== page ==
Ellsworth Kelly first took up an interest in birdwatching shortly after his family moved to Oradell, New Jersey. “I believe my early interest in nature taught me how to see,” he explains in the introduction of his 2018 Phaidon monograph. An experience of seeing a redstart—“a small black bird with a few very bright red marks”—would prove formative to one of the 20th century’s most influential abstract artists, whose hard-edge paintings captivated with bright hues and clever techniques that emphasized line, form, and distilling concepts to their very essence.
Though he remains one of the most celebrated artists of his generation, Kelly’s work wasn’t always well-received. As the world emerged from the horrors of World War II, the 1950s signaled a period of transition. Artists were no exception, and Abstract Expressionism took hold as the main conduit for painters to convey the darkest corners of their psyches on canvas. Kelly, having served in the war and spent time in Paris, instead opted for vivid abstractions as a form of therapy. That split opinions, leading him to apologize for using bright colors during a 1956 show at Betty Parsons Gallery in New York. Times change, of course, and in the ensuing decades the world welcomed his light.
But the most notable is taking place at Maryland’s Glenstone Museum, the contemporary art stronghold founded (and bankrolled) by collectors Mitchell and Emily Wei Rales. More than 70 seminal works will be on display, spanning early abstractions and totemic wood sculptures to Yellow Curve, a giant painting installation on view for the first time since debuting at Frankfurt’s Portikus am Main in 1990. “Ellsworth Kelly’s vision for art can teach us so much about looking deeply at the world and translating what we see into its immediate visual components,” Emily Wei Rales says. “As a lover of nature, Ellsworth’s quiet and practiced eye created paintings, sculptures, photographs, drawings, and collages that are as rewarding and challenging on the 50th encounter as they are on the first.”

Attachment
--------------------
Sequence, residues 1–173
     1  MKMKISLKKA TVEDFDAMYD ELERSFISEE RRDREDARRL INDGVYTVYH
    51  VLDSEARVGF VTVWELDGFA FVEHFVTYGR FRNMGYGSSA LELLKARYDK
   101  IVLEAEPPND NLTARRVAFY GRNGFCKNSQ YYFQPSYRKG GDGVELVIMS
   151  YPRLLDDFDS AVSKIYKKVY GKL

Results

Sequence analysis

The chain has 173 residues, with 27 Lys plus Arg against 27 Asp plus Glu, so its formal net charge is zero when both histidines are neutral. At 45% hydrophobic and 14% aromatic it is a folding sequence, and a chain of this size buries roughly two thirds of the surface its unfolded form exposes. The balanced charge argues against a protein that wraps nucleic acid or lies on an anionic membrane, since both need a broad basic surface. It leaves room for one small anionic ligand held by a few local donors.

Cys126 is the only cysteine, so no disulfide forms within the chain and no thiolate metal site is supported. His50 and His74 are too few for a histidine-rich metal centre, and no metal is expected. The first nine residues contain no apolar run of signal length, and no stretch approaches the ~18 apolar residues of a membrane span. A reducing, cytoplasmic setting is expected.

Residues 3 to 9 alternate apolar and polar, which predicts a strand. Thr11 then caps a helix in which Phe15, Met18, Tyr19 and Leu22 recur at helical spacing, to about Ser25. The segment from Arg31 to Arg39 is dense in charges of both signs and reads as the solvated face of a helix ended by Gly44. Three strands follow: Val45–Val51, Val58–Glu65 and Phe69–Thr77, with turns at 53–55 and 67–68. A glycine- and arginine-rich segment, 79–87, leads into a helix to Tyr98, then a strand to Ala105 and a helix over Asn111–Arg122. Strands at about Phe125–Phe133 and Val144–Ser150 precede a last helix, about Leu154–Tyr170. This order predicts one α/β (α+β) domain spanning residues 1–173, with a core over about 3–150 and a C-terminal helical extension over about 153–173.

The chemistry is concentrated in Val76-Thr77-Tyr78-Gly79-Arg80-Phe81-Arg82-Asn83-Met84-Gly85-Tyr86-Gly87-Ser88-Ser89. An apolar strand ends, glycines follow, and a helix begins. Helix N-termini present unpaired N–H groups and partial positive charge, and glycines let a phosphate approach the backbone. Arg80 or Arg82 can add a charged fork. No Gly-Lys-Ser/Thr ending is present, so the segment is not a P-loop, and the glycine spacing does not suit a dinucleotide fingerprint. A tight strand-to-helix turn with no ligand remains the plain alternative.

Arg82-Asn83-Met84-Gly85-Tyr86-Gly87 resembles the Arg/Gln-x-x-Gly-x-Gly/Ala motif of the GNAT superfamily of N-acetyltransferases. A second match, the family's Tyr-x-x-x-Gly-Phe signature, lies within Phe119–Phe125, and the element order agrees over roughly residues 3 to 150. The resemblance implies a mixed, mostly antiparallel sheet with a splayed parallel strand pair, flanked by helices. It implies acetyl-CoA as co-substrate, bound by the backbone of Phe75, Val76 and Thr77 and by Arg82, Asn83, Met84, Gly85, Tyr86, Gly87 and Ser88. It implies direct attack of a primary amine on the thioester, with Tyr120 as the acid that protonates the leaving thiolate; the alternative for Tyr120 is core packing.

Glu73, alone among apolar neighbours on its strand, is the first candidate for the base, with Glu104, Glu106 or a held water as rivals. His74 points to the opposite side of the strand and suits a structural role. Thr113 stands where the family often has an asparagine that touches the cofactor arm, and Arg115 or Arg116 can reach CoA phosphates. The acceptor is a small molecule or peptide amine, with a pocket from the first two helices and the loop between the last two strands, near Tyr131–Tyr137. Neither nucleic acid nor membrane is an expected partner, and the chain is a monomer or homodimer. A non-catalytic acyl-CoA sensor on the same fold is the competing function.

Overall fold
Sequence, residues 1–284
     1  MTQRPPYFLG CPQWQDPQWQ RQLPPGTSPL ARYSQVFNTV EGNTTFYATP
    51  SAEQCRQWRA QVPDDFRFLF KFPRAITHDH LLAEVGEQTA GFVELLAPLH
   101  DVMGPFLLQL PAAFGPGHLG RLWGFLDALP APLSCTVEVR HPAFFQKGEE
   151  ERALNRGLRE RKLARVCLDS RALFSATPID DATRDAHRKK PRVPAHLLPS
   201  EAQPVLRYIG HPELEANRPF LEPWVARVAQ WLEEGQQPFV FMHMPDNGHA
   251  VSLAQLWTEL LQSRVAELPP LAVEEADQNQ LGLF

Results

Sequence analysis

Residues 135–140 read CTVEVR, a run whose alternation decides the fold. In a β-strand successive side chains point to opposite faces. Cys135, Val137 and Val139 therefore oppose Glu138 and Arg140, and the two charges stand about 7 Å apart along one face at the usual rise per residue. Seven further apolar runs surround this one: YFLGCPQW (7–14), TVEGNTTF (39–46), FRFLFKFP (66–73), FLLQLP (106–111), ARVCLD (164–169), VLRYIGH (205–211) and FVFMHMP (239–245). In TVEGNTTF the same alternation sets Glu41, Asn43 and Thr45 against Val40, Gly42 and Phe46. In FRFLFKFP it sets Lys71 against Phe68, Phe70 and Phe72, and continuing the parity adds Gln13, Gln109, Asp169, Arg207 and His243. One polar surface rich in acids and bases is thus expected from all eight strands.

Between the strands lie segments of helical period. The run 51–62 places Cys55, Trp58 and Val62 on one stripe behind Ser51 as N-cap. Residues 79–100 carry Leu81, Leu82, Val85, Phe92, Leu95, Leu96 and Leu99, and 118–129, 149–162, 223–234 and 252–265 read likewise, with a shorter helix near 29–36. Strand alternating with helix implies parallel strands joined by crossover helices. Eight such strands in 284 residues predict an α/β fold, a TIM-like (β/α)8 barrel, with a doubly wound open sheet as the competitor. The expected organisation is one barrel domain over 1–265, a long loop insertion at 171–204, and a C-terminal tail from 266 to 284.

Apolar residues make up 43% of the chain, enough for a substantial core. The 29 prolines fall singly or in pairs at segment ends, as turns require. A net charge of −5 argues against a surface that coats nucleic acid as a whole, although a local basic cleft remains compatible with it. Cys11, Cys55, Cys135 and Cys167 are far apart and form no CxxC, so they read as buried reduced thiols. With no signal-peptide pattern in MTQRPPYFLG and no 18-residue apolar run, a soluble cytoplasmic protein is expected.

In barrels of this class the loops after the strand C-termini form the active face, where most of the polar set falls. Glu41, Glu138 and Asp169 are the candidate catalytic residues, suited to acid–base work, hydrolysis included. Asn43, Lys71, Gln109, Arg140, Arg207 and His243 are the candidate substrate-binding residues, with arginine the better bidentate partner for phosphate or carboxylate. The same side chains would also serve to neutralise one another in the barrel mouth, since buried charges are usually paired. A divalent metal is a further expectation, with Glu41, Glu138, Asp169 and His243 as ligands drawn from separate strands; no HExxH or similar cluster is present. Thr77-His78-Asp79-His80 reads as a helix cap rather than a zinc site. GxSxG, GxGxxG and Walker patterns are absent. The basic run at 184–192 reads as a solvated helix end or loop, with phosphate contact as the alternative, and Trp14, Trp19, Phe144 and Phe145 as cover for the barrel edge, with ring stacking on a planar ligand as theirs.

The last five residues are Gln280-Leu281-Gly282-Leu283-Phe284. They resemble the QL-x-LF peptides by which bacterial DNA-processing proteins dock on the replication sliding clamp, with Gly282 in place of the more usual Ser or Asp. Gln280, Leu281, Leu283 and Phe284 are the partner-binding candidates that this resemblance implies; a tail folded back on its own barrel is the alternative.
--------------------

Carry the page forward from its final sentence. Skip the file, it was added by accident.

As Yellow Curve suggests, Kelly excelled at making even the simplest forms seem monumental. That generous spirit lives on through his widower, Jack Shear, who serves as the president of the Ellsworth Kelly Foundation in Spencertown, New York. Earlier this spring, he announced the donation of 146 works to 19 museums—a few of which were able to choose which ones they wanted—in honor of Kelly’s centennial. Through the foundation, he has also given away $14 million and serves as a lead patron of the forthcoming Shaker Museum. But he’d prefer to stay out of the spotlight.
“Whatever happens is because of Ellsworth,” he told the New York Times. “I’m stewarding his legacy as best I can.”